Guard: James Harden, Houston Rockets – So far the only player mentioned here to have been eliminated from the postseason, Harden has been too good individually to be ignored – even though his Rockets were eliminated by the Stephen Curry-less Golden State Warriors in just five games. At the moment, Harden ranks third in the league in postseason points per game with 26.6 and assists per game with 7.6, as well third among guards in rebounds with 5.2 per game. His game-winner in Game 3 gives him a boost as well, which is a fair tie-breaker when other guards like Boston’s Isaiah Thomas and Portland’s Damian Lillard could have taken this spot, instead.

Frontcourt: Draymond Green, Golden State Warriors – Without Stephen Curry for essentially the entire first round, the talented and deep Warriors still managed to handle the Rockets in just five games, in large part because Green held down the fort so respectably. He didn’t score a ton (his 13.2 PPG actually is lower than last year’s playoff scoring average of 13.7 PPG), but he still offered up elite defense and rebounding (his 9.6 RPG were seventh-most of anyone in the first-round), while dishing out 6.6 dimes per game and shooting almost 40 percent from deep. Plus, this is the year when the Warriors are represented in some fashion for every award possible, even hypothetical ones like these that don’t even come with a trophy.

Frontcourt: Mason Plumlee, Portland Trail Blazers – Damian Lillard and C.J. McCollum have been the poster kiddos for Portland’s incredible first-round surge, but Plumlee has been playing some of the best basketball of his young career in a role that has seen him emerge as one of the league’s elite postseason big men. Plumlee is third among all players in rebounds with 13 per game through the first five contests, but it’s his unfathomable six assists per game – a huge percent increase over his regular season assist output – that really earns him recognition here. Those silly assist numbers put him ahead of Goran Dragic, Tony Parker, Kyrie Irving and Isaiah Thomas this postseason and that, added to a respectable 7.8 points per game and those massive rebound numbers, makes him one of the playoffs’ best big men so far.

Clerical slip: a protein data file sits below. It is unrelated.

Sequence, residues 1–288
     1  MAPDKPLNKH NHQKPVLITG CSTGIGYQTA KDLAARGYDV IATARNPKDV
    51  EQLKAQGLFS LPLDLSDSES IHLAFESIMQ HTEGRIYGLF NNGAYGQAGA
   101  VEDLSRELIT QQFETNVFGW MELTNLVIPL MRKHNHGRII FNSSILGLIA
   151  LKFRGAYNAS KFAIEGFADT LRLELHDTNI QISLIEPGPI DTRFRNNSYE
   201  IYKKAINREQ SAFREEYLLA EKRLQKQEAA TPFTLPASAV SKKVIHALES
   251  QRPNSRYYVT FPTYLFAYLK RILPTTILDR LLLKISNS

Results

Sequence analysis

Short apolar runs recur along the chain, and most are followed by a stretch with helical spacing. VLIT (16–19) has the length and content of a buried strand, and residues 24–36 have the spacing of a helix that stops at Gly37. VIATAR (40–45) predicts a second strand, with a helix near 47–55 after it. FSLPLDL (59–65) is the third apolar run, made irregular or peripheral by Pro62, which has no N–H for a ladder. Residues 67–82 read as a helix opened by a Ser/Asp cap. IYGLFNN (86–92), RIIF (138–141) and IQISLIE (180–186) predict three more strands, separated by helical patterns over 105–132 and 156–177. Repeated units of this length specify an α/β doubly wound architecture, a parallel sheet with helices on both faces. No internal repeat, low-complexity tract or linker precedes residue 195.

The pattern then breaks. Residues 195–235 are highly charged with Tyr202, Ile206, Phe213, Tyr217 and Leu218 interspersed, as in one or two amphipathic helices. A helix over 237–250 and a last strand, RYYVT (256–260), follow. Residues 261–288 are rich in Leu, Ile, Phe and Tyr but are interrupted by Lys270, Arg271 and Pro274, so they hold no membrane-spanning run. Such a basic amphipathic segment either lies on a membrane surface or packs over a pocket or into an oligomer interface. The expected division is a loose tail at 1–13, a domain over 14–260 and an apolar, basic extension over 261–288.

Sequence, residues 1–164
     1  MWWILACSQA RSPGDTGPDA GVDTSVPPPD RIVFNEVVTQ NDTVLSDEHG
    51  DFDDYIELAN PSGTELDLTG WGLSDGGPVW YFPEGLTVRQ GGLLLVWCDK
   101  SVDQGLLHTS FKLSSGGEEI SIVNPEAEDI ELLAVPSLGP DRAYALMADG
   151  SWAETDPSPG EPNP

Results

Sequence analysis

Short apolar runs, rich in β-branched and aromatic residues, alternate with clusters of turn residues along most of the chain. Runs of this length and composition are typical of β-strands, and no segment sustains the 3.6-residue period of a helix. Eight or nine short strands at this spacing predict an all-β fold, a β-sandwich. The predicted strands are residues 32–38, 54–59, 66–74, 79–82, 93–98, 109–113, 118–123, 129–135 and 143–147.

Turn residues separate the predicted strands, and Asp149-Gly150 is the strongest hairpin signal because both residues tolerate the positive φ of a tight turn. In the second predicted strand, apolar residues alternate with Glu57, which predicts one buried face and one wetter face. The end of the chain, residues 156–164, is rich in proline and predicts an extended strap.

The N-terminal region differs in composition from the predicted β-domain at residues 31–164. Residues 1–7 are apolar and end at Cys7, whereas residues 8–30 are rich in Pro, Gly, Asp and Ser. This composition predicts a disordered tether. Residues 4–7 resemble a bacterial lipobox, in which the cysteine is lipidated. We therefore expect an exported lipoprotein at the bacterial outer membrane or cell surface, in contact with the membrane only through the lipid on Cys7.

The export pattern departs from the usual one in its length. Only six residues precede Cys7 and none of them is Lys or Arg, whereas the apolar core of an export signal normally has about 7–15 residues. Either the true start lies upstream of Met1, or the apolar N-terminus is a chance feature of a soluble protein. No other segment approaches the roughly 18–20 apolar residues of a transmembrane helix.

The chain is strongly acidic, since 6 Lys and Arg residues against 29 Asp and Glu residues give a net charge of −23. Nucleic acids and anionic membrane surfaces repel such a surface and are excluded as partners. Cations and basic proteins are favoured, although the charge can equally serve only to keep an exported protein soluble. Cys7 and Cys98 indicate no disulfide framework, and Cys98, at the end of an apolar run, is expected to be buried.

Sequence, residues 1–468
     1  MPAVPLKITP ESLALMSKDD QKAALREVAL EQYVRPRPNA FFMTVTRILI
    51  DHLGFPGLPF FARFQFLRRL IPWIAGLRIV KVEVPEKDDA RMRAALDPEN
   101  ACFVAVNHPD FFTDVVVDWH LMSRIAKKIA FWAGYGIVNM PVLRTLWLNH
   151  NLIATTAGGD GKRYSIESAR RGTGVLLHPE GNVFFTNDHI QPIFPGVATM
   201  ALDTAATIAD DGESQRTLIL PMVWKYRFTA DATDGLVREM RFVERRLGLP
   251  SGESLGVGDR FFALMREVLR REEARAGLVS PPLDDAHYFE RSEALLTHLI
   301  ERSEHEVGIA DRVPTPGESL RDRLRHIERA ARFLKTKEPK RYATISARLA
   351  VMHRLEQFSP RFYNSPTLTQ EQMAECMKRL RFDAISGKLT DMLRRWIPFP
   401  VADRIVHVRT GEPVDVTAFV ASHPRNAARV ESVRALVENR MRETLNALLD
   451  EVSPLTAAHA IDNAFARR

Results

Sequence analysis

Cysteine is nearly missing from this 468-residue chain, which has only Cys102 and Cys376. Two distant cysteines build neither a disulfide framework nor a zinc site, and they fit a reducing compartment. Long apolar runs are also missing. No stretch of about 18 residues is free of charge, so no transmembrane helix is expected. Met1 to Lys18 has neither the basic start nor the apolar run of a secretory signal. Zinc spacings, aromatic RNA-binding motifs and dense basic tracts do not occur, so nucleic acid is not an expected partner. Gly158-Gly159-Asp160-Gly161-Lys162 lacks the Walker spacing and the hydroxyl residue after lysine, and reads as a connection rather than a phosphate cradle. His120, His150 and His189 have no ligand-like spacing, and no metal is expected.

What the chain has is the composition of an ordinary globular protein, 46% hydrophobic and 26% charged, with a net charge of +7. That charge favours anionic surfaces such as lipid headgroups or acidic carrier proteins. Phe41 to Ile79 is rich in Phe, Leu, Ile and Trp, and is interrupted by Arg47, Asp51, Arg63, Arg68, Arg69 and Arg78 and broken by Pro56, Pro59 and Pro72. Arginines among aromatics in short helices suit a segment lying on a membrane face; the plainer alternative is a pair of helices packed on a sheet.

Frontcourt: DeAndre Jordan, L.A. Clippers – It shouldn’t be a huge surprise that Jordan is leading the postseason in blocks (3.2 BPG) and rebounds (15.6 RPG) because those are the types of things that he always does. But both of those numbers are actually higher than his regular season totals of 13.8 RPG and 2.3 BPG, so while his scoring and field goal percentage has dropped in the playoffs, he’s still putting up the elite numbers in other ways. With Blake Griffin out, they should stay that way for as long as the Clippers remain in the playoffs.

Also receiving votes: Isaiah Thomas, Boston Celtics; Damian Lillard and C.J. McCollum, Portland Trail Blazers; Klay Thompson, Golden State Warriors; Kemba Walker, Charlotte Hornets; Kevin Love, Cleveland Cavaliers; Paul Millsap, Atlanta Hawks; Chris Paul, L.A. Clippers.

While it’s perfectly reasonable to expect most of these players to keep up the good work in round two, it’s all but a certainty that at least a few of them will not make it to the Conference Semis. At that point, these teams will have to change, but for now these have been the league’s elite in the first round, with very little opportunity remaining to skew things too dramatically.

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2018 NBA Draft Diary

#28 – Jacob Evans – Golden State Warriors

Jesse Blancarte

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With the 28th overall pick, the Golden State Warriors selected Cincinnati Junior Jacob Evans.

Evans represents a solid pick for nearly any NBA team. Evans fits in the mold of a potential 3-and-D role player. Evans improved in his time at Cincinnati, culminating in his junior year, where he scored 13 points and 4.7 rebounds per game. Evans spent three seasons at Cincinnati and rounded himself into a versatile two-way player who can bring a lot of value at the NBA level.

Evans is a very cognitive player, especially on the defensive end. He has a better grasp of his limitations than most players at this stage of their respective careers and is able to maximize his individual defensive ability within a team concept. Evans generally makes the right rotations, double-teams at the right times and funnels his opponents to where his teammates are when he cannot contain the ball-handler on his own. With the right coaching, he could become a valuable defensive wing in an NBA rotation sooner than some anticipate.